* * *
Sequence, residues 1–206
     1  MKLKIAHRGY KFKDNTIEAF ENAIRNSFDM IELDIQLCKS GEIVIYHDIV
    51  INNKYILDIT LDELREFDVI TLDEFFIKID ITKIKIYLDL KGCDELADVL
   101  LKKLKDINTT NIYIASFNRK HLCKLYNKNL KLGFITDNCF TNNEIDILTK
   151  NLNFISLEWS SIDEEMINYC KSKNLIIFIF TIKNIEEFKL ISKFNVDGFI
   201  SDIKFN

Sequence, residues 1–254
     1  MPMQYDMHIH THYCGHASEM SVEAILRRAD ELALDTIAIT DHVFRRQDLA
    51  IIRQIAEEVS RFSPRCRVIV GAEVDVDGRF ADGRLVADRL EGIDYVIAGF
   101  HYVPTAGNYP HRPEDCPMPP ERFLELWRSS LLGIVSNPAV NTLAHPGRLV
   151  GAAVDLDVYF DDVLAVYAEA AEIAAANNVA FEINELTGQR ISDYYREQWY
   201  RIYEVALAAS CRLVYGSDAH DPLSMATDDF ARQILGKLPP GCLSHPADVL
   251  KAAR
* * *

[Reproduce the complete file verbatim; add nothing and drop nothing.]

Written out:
Sequence, residues 1–206
     1  MKLKIAHRGY KFKDNTIEAF ENAIRNSFDM IELDIQLCKS GEIVIYHDIV
    51  INNKYILDIT LDELREFDVI TLDEFFIKID ITKIKIYLDL KGCDELADVL
   101  LKKLKDINTT NIYIASFNRK HLCKLYNKNL KLGFITDNCF TNNEIDILTK
   151  NLNFISLEWS SIDEEMINYC KSKNLIIFIF TIKNIEEFKL ISKFNVDGFI
   201  SDIKFN

Sequence, residues 1–254
     1  MPMQYDMHIH THYCGHASEM SVEAILRRAD ELALDTIAIT DHVFRRQDLA
    51  IIRQIAEEVS RFSPRCRVIV GAEVDVDGRF ADGRLVADRL EGIDYVIAGF
   101  HYVPTAGNYP HRPEDCPMPP ERFLELWRSS LLGIVSNPAV NTLAHPGRLV
   151  GAAVDLDVYF DDVLAVYAEA AEIAAANNVA FEINELTGQR ISDYYREQWY
   201  RIYEVALAAS CRLVYGSDAH DPLSMATDDF ARQILGKLPP GCLSHPADVL
   251  KAAR